I used to be a huge nerd. I was the kid who actually liked school and homework. Somewhere along the line, though, I lost my inner nerd. I conformed in order to fit in during high school. I still studied, but less than I had before. It just wasn’t “cool” to be studious. I carried that desire to fit in over into college and then into my first years living on my own. After I left school it wasn’t studying that wasn’t cool, but a host of other (mostly frugal) things like staying home on the weekend, hanging out at the library, having an old car and, gasp, taking an interest in budgeting and finance.
I knew that I needed to have some sort of plan for my money, but any time I brought it up among friends, or if friends saw finance books on my coffee table at home, there was usually a comment along the lines of, “What are you studying (worrying about) that for? Boring. Let it go and let’s go out.” (Granted, I had some shallow friends at the time, but that was another side effect of turning my back on my inner nerd. I ended up surrounded by people who didn’t make me happy).
It wasn’t until I got older and wiser that I realized I needed to embrace my inner nerd again. I needed to become the sort of person who did what I wanted and needed to do without worrying about what other people thought. I needed to embrace personal finance, even if it wasn’t cool. Otherwise, I was going to end up broke and miserable. When I found my inner financial nerd, I did it in a big way. I got books about budgeting (from the library) and I read every money-related magazine on the shelf at the library. I visited financial websites, made spreadsheets, and learned about technical investing terms.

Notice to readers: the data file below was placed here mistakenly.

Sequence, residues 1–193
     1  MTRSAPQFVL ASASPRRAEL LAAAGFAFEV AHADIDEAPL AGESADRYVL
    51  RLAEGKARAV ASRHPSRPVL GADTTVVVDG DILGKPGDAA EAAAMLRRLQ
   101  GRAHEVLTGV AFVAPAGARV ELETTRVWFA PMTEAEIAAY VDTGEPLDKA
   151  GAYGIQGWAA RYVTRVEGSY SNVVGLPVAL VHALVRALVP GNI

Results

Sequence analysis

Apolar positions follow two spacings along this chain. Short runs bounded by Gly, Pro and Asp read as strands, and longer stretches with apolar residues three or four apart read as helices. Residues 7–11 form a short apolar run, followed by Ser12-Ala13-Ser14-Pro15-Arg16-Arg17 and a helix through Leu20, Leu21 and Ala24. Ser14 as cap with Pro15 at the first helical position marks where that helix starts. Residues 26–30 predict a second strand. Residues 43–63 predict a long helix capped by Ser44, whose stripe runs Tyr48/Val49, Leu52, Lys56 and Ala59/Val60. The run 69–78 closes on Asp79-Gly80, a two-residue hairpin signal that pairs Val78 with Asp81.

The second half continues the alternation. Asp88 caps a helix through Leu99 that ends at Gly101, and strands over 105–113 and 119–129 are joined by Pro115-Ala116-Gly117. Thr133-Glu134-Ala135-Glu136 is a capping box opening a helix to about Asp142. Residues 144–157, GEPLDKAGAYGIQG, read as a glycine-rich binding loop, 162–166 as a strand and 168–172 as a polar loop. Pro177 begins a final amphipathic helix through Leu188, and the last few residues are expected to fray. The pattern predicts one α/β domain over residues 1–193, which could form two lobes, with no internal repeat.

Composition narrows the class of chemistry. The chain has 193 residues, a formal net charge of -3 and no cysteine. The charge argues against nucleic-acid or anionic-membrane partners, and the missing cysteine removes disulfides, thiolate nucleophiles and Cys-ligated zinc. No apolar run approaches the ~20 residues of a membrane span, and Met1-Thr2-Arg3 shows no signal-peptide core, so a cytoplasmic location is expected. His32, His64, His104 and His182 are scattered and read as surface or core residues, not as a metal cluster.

When friends would come over and see the heaps of books on the coffee table, I no longer let them embarrass me. I simply told them that I had an interest in finance and left it at that. Of course I got the expected comments about it not being cool, or about me being such a nerd, but I shrugged it off. It wasn’t long before I started shrugging off friends, too, and finding friends who were more into the frugal lifestyle I was starting to lead. As a result, I found myself happier. Not only were these new people more frugal, they also shared more interests with me in general. Bird of a feather, I guess.
Now many years into my frugal journey, my inner nerd is fully in charge of my life. There’s not a financial term I don’t want to learn. I’m also unashamed to want to learn about hundreds of other things, as well. Research and studying are cool again. This has served me well in many areas, but especially when it comes to money. Because I’m not ashamed of spending hours researching mutual fund prospectuses, or learning about new ways to repurpose household junk, my financial health is well above that of other people my age (at least if you believe the studies). I may not be cool, but neither do I have the worries and concerns of several of the “cooler” people that I know. I’m on track for financial success and that is far more important than being cool.
(Photo courtesy of theogeo)